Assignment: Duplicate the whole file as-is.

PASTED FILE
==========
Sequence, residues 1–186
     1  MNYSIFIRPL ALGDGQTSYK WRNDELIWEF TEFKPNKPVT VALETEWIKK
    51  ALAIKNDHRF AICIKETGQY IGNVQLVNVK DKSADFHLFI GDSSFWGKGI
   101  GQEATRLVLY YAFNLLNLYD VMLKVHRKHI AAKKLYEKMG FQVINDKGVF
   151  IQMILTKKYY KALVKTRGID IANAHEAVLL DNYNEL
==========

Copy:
Sequence, residues 1–186
     1  MNYSIFIRPL ALGDGQTSYK WRNDELIWEF TEFKPNKPVT VALETEWIKK
    51  ALAIKNDHRF AICIKETGQY IGNVQLVNVK DKSADFHLFI GDSSFWGKGI
   101  GQEATRLVLY YAFNLLNLYD VMLKVHRKHI AAKKLYEKMG FQVINDKGVF
   151  IQMILTKKYY KALVKTRGID IANAHEAVLL DNYNEL